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Open Final Lands On VenusBy Rachel Alexander
Washington Post Staff Writer
Saturday, September 6, 1997; Page B1
NEW YORK, Sept. 5 ó Other players at the U.S. Open sweat. Today, Venus Williams was so thrilled with her gut-wrenching, three-set, two-tiebreaker semifinal victory over 11th-seeded Irina Spirlea that she had exuberance streaming from her very pores.
"I won! I won! I won!" she screamed after dodging two match points then watching Spirleaís final shot go wide. "This is just like a dream. Iím going to have to calm down, Iím so happy."
With the 7-6 (7-5), 4-6, 7-6 (9-7) victory, Williams became the first unseeded woman in the Open-era (1968) to make a U.S. Open singles final and the first since Pam Shriver in 1978 to reach the finals in her Open debut. When she gets to Stadium Court Sunday, she will face top-seeded Martina Hingis, who had a much easier time, defeating Lindsay Davenport, 6-2, 6-4. Williams, 17, and Hingis, 16, will be the youngest pair of Grand Slam finalists in the Open era.
"Theyíre pretty good," Williams said of her chances in that match, which will be the 40th anniversary of Althea Gibsonís first U.S. Open title. Gibson, who won twice here and also won Wimbledon and the French Open, is the only African American woman to win a Grand Slam.
"Iíve never been the type of person who is scared, fearful," she said. "I canít let that hold me back. I wonít. This is the chance of a lifetime, the tournament of a lifetime."
Hingis, who has yet to be pushed to three sets in this tournament, will be the favorite, although for the first time here the likable Swiss probably will not be the darling of the crowd. That distinction transferred to Williams, who took the 21,178 at Arthur Ashe Stadium today along for a heart-stopping ride. It included a comeback from a set point in the first set, a chest-to-chest run-in on a second-set changeover, a failure to win the match on an excellent third-set chance, and thenófinallyóa comeback from two match points in the third-set tiebreaker.
In that tiebreaker, Williams found herself down 4-6 after Spirlea hit a successful passing shot. For a moment, even she allowed herself to think of a Spirlea victory, what it would be like to leave the grounds at Flushing Meadows and have nothing more to come back to. She didnít like the mental picture.
"I guess I was thinking about going home," she said later. "Then I said, ĎThis is not the right thing, Venus.í I had to hold strong. I had to push those thoughts out of the way, say, ĎVenus, this isnít right. Itís not over.í So I just stayed in there."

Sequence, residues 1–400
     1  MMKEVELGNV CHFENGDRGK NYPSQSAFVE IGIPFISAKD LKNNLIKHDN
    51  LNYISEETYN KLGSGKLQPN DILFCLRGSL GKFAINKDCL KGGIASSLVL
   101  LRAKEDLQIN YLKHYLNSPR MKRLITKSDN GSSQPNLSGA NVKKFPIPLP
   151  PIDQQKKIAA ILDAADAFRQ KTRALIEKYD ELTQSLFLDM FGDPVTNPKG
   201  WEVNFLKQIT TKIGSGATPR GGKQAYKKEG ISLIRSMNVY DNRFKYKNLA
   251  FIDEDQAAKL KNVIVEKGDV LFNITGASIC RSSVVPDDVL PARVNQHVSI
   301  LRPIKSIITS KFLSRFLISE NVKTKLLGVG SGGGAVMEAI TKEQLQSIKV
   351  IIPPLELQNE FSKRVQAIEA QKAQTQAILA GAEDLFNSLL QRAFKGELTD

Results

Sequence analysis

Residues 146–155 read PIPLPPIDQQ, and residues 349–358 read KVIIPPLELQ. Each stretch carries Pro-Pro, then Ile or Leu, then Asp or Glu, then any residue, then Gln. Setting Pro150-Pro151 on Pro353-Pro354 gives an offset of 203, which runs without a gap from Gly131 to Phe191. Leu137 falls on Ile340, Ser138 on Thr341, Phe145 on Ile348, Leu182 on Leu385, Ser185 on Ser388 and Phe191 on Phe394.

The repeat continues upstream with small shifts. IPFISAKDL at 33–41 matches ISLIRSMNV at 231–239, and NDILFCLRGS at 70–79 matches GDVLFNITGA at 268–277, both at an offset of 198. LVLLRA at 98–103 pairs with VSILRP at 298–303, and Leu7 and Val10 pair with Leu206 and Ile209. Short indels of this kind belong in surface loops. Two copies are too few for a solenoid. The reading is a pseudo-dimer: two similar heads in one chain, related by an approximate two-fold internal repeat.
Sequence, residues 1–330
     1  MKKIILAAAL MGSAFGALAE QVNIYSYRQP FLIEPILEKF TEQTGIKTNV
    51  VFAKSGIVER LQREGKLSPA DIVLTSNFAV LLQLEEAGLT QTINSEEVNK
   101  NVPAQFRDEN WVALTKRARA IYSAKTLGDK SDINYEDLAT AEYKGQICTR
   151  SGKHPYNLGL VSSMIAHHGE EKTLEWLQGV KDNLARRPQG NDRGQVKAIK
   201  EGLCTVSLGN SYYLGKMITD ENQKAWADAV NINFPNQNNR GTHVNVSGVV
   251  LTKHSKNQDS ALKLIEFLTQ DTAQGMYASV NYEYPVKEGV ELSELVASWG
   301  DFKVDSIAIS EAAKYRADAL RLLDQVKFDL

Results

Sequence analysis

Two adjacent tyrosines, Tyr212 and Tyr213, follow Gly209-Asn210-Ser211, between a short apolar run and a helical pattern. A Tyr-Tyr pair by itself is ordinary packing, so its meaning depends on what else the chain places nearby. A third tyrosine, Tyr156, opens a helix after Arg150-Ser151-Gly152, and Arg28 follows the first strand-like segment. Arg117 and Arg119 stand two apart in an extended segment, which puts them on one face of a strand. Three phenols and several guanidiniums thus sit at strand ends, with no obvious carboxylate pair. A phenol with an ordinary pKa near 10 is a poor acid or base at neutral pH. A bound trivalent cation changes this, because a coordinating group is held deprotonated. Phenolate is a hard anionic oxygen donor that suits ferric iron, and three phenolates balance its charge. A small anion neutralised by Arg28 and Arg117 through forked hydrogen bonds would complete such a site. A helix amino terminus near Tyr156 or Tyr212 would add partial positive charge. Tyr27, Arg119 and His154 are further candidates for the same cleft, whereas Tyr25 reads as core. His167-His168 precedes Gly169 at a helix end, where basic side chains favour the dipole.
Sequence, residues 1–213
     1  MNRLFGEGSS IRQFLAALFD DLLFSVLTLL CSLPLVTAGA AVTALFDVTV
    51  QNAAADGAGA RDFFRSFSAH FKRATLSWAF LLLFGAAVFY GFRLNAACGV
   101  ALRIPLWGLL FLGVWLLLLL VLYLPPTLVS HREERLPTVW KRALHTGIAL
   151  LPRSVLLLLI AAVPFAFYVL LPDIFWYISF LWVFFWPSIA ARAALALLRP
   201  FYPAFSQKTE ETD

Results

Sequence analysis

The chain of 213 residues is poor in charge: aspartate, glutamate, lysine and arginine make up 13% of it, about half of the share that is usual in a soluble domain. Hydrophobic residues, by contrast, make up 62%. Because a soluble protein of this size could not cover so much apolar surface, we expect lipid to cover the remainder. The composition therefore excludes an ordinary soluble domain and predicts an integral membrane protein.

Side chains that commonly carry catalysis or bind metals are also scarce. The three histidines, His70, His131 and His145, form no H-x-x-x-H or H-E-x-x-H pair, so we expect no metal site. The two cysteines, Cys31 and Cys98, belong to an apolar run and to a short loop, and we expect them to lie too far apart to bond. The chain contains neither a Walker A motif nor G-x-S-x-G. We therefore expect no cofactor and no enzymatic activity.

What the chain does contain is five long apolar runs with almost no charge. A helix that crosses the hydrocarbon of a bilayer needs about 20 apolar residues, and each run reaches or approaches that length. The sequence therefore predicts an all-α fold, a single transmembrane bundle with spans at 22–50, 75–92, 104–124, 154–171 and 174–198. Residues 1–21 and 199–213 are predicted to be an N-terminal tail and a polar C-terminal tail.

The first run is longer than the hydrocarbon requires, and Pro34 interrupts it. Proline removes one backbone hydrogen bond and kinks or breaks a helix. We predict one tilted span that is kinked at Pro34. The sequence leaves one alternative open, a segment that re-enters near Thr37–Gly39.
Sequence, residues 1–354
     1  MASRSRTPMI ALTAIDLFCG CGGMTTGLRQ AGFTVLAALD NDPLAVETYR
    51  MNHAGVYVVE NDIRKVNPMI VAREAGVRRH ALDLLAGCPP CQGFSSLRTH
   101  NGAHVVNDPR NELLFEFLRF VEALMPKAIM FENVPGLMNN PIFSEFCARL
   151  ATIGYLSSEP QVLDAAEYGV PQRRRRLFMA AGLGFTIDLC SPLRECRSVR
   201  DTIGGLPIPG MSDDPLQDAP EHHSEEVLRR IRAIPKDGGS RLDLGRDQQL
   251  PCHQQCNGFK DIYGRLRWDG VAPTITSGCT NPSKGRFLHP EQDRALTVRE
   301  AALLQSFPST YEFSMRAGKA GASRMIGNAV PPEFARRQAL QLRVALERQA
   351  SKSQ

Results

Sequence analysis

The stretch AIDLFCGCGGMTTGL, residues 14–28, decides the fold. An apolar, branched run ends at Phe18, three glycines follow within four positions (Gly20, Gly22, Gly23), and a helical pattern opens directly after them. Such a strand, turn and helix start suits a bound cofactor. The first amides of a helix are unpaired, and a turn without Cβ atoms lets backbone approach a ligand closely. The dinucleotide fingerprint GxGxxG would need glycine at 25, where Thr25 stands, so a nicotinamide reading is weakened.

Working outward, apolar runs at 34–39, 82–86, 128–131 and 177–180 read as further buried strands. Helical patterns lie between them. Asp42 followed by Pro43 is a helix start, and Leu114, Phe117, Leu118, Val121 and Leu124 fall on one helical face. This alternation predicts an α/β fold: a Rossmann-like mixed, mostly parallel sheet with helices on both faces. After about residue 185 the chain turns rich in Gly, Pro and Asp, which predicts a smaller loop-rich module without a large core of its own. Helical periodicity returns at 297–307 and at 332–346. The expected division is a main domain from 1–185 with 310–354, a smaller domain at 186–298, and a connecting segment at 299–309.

With Spirlea serving for the match, the pair rallied before Williams hit a spectacular backhand passing shot that skimmed the baseline. Williams served the following point, getting back to 6-6 when Spirlea hit a forehand into the net.
They tied again at 7 before Williams took the lead, going up 8-7 as Spirlea hit a backhand into the net. And then finally, with the crowd in a frenzy, Williams captured the match by forcing Spirlea to hit a backhand slice from a bad angle and then watched it go wide. Spirlea ended the day with 53 unforced errors, compared to Williamsís 38.
"It was a really tough match," Williams said. "She had two match points. Somehow she didnít win them. Somehow I didnít let her win them. Whatever way you want to look at it."
While Williams prevailed at the end, she did not have a perfect match. She faltered in the second set. She almost went down a break in the third game of the third set, double-faulting three times and allowing Spirlea four break points before finally winning her serve. She had the chance to take the match, up 5-4 in the third set, but allowed Spirlea to break her back.
And there was an incident at 4-3 in the second set, when Williams and Spirlea walked into each other, bumping torsos, on a changeover as they crossed the court to get to their seats.
Williams later said that neither player was looking where she was going, but Spirlea took the collision as a personal affront. Perhaps not so coincidentally, she picked up her play afterward, winning the set.
"Sheís not going to turn [as they walked to their seats]," Spirlea said, using an obscenity to describe Williams.
"Iíve done it all the time, I turn. But she just walks. I wanted to see if she was going to turn. She didnít."
Williams will probably see less hot-tempered antics from Hingis, who again displayed comfortable confidence on the court.
Several times she and Davenport laughed after points, although they were usually points that had Davenport traipsing from side-to-side and Hingis hitting winners.
Davenport, in her first Grand Slam semifinal, looked hopeful at the start, opening with a break and going up 2-0, but Hingis quickly smothered that accomplishment by winning six straight games and claiming the set.
For the sixth straight match, Hingis displayed her polish and intelligence, moving her opponent around like a chess piece.
That style is in sharp contrast to that of Williams, who plays more of a power game, but Hingis has no intention of making any changes between now and Sunday. The pair have played twice, with Hingis claiming a 6-2, 6-1 victory in the second round at San Diego and a 6-4, 6-2 win at the Lipton Championships.
"Iíll be the same as always," Hingis said. "Just play my game, mix it up a lot. Especially against her, you have to let her move around.
"She has improved very much, especially at this tournament. She got better and better each match, especially mentally. She thinks, ĎI can make it.í"
© Copyright 1997 The Washington Post Company